By Jesse Marx
By Chris Parker
By Jake Rossen
By Jesse Marx
By Michelle LeBow
By Alleen Brown
By Maggie LaMaack
By CP Staff
Film-fest guru Al Milgrom is "your obedient servant"—or at least that's the way he has taken to identifying himself in the comic screeds he pens for the start of each Minneapolis-St. Paul International Film Festival catalog. Granted, sarcasm suffuses these enjoyably rambling missives, the latest of which invokes the "investiture of Napoleon" as well as "9/11 and all that." But the M-SPIFF director's pledge of obedience and servitude may well be sincere, and in any case his civic commitment is hard to argue on this, the unlikely occasion of the festival's 25th anniversary.
Milgrom, as another legendary Minnesota native would say, is an artist and he "don't look back." But with less than two weeks to go before banging the ceremonial gong on opening night, the undisputed champion of grassroots marketing did agree to wander Memory Lane in between the more urgent trips to Kinko's and various campus kiosks.
City Pages:Congrats, Al: Twenty-five years of the film festival. Does it seem like you were just starting it yesterday?
Al Milgrom: Twenty-five years of tsuris—that's Yiddish, it means "pain in the ass." The idea that there could be a 25th year for this festival never occurred to us when we started it.
CP: The first one—Rivertown, held in Stillwater in '83—was billed as the "lost weekend of cinema." What were you getting at with that tag?
Milgrom: It was based on the Telluride festival—that was the model. We liked the idea of a long weekend of films in a pastoral setting à la Telluride. We don't really have the scenery here [in the Twin Cities], so Stillwater seemed the logical choice. We did it in the Freight House—a couple of hundred seats, very modest. Now it's a restaurant. We showed some old Westerns outdoors, too; people brought blankets. But most of the filmgoers around here didn't want to drive the extra 35 miles to see a movie. So it made more sense to bring it back here.
CP: Is it true that you spent the first night of the festival in a Stillwater jail?
Milgrom: I think the town resented the invasion of us city kids. It was 2:00 in the morning and I had this old Toyota, I was lost on some back road, I got pulled over. I happened to have this overdue parking tag, which meant that there was a warrant out, so I got tossed in the clink, yeah. It was this huge, neon-lit room, the kind of room that drives you crazy after a while. It was like that movie Z. Randy Adamsick and a couple of the other [festival] guys came and bailed me out.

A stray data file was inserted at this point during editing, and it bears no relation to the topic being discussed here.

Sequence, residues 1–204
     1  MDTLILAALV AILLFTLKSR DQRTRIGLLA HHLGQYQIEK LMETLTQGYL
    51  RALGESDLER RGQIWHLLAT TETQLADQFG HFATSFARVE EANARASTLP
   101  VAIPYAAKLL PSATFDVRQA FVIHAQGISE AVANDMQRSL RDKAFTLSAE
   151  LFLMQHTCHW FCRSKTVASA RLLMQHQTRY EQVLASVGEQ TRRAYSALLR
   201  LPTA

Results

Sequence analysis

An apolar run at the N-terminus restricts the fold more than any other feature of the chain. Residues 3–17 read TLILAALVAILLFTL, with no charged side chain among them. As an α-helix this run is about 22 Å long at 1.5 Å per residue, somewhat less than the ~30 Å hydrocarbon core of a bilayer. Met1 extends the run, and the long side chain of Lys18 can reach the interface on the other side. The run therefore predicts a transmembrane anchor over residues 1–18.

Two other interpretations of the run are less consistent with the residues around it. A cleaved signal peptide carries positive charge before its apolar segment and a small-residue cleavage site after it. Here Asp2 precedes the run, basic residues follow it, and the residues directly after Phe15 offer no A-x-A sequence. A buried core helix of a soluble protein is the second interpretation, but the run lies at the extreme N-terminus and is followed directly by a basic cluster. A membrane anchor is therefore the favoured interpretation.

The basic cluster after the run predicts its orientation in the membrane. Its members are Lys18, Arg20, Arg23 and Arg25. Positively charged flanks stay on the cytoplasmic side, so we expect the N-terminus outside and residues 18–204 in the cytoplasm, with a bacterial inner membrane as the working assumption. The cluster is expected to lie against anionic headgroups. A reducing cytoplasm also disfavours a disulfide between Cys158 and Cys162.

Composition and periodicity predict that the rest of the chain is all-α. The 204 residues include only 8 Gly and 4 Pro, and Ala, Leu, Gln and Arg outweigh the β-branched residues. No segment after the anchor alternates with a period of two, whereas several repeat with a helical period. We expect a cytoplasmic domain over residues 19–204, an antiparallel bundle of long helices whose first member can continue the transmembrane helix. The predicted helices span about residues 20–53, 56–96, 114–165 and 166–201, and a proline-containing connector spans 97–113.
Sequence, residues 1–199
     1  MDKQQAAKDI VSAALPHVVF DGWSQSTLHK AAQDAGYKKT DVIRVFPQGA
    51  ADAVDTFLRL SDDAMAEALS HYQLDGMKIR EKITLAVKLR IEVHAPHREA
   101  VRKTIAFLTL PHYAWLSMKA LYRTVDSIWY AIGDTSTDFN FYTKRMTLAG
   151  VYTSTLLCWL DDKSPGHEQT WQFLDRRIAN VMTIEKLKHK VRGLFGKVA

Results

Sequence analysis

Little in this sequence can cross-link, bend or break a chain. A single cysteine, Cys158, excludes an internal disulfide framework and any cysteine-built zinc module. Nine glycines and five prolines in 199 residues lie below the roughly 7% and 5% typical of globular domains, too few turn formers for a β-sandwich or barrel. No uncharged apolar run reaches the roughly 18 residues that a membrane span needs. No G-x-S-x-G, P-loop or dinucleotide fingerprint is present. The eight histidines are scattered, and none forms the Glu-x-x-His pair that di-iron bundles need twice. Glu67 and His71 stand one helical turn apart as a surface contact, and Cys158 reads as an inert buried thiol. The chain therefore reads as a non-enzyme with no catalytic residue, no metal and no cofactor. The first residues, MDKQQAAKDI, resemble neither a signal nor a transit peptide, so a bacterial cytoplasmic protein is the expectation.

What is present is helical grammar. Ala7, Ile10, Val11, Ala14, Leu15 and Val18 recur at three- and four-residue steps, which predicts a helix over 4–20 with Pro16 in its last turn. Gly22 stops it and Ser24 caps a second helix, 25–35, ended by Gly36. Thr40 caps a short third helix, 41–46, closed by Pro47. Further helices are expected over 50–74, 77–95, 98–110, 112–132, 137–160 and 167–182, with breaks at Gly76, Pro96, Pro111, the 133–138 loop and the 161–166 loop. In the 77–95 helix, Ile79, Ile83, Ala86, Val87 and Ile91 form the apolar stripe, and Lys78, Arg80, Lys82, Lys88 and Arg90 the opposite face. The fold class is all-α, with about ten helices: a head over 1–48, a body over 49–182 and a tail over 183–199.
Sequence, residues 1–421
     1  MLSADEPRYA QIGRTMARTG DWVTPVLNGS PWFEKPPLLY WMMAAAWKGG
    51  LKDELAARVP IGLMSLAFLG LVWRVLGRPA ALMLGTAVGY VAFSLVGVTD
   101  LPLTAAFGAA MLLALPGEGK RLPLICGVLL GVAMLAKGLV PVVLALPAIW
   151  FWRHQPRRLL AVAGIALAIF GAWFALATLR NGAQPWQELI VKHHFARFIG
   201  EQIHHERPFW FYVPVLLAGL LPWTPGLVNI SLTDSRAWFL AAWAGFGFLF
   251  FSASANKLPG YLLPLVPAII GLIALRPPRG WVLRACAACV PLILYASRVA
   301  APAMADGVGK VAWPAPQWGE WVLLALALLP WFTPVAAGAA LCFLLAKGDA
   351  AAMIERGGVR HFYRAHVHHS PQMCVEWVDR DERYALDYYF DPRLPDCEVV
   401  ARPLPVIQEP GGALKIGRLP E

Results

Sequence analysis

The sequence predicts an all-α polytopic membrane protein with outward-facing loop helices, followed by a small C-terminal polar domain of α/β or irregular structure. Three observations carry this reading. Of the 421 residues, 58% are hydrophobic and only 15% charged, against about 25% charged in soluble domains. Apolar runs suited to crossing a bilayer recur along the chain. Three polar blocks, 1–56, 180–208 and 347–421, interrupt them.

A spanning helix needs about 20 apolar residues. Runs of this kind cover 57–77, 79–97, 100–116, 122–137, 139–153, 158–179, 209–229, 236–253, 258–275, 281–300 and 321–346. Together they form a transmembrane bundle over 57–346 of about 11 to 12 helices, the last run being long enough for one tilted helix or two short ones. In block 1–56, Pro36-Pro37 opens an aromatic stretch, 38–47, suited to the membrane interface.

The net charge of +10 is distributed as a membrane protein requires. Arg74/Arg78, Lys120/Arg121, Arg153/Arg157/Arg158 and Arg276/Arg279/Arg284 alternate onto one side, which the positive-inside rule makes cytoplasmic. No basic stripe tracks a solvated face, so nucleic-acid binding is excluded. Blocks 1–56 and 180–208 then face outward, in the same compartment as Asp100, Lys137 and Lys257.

CP: You were talking about tsuris. So you mean there were some years of the festival where it was even worse than being in jail?
Milgrom: Sure. This year is one of 'em. It's all the hassle involved. And this year has been put together really fast: I can't imagine any other town putting it together this fast. And we hardly had a budget.
CP: I came across your catalog essay from 1988 and found something familiar. The piece starts with, "Well, it's Rivertown, and the usual bunch of skeptics again thought it wouldn't happen."
Milgrom: Yeah, that's true [laughs]. Well, you guys in the press always think it's not going to happen until it happens. This year the financial situation of Minnesota Film Arts lent itself naturally to skepticism. Back in the '80s, we had only the Bell [Auditorium] to worry about. Once we started spreading the festival around the Twin Cities—that was eight or nine years ago—the audiences started to escalate, too.
Now the problems are overwhelming. Film costs have gone way up. By the time you cover [print] shipping from Europe, plus the rental, you're talking $900 or $1,200. It started a couple of years back. Film festivals have now become the main avenue for foreign film dissemination; they're expected to support all these international film productions, and these festival agents have been having a field day with it. And then there's Tribeca [Film Festival], which I call villainy. They insist on having first crack at any film, on having premieres.
Getting sponsorships is a problem. Getting corporate support is a problem. Getting industry support is hard, public support is hard. Getting grants is a problem because foundations want to make sure that you've got a Harvard MBA guy running your administration so you can fill out all the complicated balance sheets. Making a production of the whole thing, turning it into a show, is a hassle. These are the headaches of doing a film festival.
CP: I'm told you were here until five o'clock this morning.
Milgrom: There was an ad due today. And yesterday afternoon, what did I do yesterday afternoon? I was running around someplace.
CP: Looking on the bright side here, I found another quote of yours from 1992. "One of the aims of Rivertown and many other film festivals is to break down ethnocentrism and to show the rich diversity existing in many worldwide, far-reaching areas and even within our own backyards." Is that still the case?